It is time for a weekly garden update!
I'm so excited some new growth has sprouted this week, my eggplant seeds popped, my scallions have come through, and I see some green and red peppers starting to peek through the soil and teeny tiny celery! I cannot wait I've never grown eggplants before or green peppers from a seed. Also, my scallions didn't make it last year, so I'm hoping they'll do better this year too. Look at the little babies!
I started hardening my seedlings a couple of days ago. If you don't know what this means or not familiar with the concept, no worries, I got you. If you, like me, started your seeds indoors they need to be what's called "hardened" before you can transplant them outside. Because the seeds were started inside they didn't have to deal with any of the elements, so if you transplant them before they're hardened they won't make it in the garden, and you'll lose a lot of crops. To avoid that you want to harden them, and it's super easy. You take them outside for 7 to 14 days before you want to transplant them. This is usually the week or two before the last frost date.
First off you want to make sure that it's at least 45° outside when you do this. Start with 1 hour on the first day and add an hour every day, so by day 7 they'll be outside for 7 hours, continue if needed up to 14 days. For the first two to three days you want to keep them out of the Sun and away from intense wind exposure. I have mine inside our partially covered up screen house right now. That way they get a bit of a light breeze to start to toughen up their stems. You have the option to do this by hand inside by gently brushing over the tops of the plants, or even leaving a fan on low to give them a light breeze, if you can't get your plans outside. I put mine on a boot tray to easily take them outside. The following days you want to gradually expose them to more sun and wind. Once they're hardened and strong enough you can transplant. You want to do that on a cloudy day, and give them a nice drink of water after. When I did this last year I added fertilizer to the water as well. Then, you can enjoy watching them flourish in their new home.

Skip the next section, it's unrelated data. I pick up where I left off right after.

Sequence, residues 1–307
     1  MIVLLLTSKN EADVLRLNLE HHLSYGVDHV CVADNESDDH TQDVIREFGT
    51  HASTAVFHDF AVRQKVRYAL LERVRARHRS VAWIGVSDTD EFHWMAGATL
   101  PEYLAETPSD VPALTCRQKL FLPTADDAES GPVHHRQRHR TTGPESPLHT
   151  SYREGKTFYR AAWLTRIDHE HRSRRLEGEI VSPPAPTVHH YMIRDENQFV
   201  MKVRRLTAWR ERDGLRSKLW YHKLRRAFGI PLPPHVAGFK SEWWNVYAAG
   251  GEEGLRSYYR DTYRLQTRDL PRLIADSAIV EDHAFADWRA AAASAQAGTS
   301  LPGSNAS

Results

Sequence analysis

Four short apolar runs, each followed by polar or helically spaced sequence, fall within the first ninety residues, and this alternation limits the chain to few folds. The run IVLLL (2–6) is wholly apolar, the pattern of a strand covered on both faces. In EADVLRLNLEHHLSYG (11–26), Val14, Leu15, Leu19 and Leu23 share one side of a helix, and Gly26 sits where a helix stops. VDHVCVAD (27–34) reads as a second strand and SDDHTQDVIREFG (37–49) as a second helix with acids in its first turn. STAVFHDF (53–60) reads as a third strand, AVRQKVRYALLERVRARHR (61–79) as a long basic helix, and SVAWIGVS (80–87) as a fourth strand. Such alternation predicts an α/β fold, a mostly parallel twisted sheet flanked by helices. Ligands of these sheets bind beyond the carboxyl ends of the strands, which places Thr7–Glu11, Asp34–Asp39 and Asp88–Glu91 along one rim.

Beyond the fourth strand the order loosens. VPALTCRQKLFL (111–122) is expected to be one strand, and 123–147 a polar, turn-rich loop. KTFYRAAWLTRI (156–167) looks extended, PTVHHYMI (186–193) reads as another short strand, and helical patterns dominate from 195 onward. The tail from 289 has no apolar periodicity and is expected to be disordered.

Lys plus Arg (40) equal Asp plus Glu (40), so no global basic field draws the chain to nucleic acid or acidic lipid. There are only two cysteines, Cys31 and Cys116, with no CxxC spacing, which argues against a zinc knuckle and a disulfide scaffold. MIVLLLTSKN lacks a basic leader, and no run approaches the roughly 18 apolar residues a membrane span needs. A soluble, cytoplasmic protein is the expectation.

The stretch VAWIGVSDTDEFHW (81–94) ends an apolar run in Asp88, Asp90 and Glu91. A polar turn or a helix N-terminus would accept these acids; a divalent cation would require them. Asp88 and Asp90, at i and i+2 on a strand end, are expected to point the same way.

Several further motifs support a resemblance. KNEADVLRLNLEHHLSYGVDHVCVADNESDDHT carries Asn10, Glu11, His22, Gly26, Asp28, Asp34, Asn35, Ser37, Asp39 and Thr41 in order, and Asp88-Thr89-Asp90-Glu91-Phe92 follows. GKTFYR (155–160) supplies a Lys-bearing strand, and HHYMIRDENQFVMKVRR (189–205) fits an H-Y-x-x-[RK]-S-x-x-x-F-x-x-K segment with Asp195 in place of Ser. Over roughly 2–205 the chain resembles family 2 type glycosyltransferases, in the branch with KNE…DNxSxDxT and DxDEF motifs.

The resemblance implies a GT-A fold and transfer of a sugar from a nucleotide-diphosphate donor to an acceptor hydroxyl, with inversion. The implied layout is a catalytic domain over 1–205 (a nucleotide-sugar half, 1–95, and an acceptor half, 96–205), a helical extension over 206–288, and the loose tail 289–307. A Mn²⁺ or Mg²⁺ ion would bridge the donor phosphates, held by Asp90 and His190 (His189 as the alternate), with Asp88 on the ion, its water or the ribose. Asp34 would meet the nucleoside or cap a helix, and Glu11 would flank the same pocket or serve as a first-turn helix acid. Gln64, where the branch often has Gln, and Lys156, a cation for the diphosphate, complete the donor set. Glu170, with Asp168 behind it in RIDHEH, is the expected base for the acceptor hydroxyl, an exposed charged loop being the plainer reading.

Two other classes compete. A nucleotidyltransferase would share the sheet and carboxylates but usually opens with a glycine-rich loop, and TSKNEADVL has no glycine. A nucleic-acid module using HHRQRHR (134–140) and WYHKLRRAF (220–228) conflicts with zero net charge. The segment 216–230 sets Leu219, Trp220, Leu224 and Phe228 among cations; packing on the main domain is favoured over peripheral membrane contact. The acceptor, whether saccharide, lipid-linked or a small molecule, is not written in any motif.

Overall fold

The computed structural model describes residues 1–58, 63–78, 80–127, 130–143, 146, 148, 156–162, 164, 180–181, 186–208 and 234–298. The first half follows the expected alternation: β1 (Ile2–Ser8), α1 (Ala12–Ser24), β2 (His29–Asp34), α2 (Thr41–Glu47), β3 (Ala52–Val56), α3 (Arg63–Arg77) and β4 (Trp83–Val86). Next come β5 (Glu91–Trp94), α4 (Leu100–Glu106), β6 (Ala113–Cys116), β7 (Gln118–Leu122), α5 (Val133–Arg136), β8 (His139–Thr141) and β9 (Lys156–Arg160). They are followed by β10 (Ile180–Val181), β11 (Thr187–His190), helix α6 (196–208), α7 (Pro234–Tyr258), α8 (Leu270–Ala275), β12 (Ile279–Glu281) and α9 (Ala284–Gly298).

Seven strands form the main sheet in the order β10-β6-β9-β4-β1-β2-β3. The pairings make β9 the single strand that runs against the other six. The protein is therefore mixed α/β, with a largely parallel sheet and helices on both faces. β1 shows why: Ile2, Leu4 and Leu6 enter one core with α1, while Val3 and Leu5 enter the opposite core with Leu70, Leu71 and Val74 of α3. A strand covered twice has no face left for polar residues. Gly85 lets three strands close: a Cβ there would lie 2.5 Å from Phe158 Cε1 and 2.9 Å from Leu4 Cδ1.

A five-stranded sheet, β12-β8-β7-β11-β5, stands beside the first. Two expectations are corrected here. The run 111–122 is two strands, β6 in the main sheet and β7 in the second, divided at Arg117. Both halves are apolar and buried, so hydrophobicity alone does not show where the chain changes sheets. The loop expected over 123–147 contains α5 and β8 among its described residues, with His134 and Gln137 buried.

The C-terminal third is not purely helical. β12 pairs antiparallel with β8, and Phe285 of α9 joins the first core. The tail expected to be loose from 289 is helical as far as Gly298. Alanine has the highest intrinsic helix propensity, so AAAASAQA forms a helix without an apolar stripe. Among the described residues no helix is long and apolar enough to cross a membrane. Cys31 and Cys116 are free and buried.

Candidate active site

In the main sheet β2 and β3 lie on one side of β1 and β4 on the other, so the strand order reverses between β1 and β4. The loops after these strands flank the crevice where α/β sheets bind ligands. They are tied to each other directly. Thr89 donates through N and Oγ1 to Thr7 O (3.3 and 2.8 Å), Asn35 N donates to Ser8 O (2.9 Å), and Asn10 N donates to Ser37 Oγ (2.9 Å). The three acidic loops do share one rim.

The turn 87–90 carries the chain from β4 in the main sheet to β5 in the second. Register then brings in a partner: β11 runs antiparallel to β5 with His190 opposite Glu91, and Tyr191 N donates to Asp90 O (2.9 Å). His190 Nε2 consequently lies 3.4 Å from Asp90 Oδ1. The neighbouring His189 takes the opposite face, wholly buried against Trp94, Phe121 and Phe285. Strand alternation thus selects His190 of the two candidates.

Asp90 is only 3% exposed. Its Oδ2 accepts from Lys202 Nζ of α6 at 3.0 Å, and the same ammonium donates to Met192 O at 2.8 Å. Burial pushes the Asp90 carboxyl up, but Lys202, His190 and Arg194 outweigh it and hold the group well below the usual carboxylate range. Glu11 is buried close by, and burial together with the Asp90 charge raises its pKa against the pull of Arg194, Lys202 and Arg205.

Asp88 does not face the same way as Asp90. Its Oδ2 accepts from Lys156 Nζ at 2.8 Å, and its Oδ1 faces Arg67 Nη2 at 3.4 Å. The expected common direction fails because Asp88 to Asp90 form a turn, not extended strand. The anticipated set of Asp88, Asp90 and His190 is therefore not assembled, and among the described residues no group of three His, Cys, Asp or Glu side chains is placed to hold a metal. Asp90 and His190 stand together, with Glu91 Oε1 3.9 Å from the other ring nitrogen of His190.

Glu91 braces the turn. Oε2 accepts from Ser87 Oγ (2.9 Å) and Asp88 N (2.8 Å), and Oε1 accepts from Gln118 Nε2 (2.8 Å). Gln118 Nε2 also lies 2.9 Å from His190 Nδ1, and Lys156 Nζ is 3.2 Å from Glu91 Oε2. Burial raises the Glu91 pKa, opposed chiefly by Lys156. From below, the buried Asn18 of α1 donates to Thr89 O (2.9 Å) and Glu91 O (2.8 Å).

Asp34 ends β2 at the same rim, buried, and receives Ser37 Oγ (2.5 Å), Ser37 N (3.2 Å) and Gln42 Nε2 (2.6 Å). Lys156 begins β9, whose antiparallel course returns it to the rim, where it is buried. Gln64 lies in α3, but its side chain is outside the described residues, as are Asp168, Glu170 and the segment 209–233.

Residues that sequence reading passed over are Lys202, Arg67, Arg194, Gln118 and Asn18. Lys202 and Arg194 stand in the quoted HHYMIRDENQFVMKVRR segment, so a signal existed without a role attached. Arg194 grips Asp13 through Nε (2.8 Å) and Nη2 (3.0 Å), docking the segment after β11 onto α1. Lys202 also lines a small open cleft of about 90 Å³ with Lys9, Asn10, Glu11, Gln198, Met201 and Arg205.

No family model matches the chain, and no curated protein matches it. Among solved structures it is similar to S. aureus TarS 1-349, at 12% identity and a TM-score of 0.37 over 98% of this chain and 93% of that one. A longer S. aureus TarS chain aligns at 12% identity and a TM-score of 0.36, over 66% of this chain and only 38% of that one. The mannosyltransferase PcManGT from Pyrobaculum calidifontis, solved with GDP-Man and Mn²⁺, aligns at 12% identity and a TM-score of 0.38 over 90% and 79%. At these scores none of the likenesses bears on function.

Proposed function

I also started my herb seedlings. I want to be able to have a green witchy garden with herbs for cooking and healing. I'm super excited to try to grow lavender again this year and chamomile. I'm also growing sage, rosemary and thyme. It was the perfect rainy day to start them, and they even collected some rainwater for the seedlings later. It has lots of nutrients in it that are really beneficial to the plants and helps them grow strong. I'm going to try watering them with some Moon water as well, more on that here.
Kohl lent a helping paw again. Check out my new seedlings below. I chose purple cups to differentiate them from the herbs; plus it was the only ones we had haha. AND my mom got a money plant from the bank, so I planted that too. It's in the tiny pot.
Photo: Steph Dansereau